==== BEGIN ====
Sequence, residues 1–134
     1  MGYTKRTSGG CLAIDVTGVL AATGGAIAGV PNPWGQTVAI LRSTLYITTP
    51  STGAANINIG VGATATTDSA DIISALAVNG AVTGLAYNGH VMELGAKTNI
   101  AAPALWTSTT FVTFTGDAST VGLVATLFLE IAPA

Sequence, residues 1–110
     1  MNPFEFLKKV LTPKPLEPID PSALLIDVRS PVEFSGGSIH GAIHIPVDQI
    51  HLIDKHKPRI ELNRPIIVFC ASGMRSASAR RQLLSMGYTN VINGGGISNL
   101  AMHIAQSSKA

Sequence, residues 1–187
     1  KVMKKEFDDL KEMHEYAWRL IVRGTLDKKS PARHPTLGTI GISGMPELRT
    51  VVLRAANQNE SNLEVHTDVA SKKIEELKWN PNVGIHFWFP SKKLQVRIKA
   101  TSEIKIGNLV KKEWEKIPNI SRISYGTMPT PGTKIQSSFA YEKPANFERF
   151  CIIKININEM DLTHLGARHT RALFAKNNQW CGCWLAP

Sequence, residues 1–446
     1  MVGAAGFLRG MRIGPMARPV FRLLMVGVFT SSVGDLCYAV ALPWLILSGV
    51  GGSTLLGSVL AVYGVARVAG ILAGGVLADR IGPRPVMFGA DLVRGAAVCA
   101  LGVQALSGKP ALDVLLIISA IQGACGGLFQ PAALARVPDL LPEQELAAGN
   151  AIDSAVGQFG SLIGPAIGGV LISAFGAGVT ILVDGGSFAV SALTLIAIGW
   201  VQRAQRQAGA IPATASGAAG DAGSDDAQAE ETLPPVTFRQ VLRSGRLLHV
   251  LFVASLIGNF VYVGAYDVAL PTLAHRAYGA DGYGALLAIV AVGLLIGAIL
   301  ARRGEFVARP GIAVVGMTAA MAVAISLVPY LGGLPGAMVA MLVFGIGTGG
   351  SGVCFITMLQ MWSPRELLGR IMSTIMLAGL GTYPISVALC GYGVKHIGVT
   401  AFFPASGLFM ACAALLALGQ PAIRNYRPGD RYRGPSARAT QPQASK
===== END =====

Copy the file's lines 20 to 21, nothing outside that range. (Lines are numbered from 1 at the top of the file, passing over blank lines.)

   251  LFVASLIGNF VYVGAYDVAL PTLAHRAYGA DGYGALLAIV AVGLLIGAIL
   301  ARRGEFVARP GIAVVGMTAA MAVAISLVPY LGGLPGAMVA MLVFGIGTGG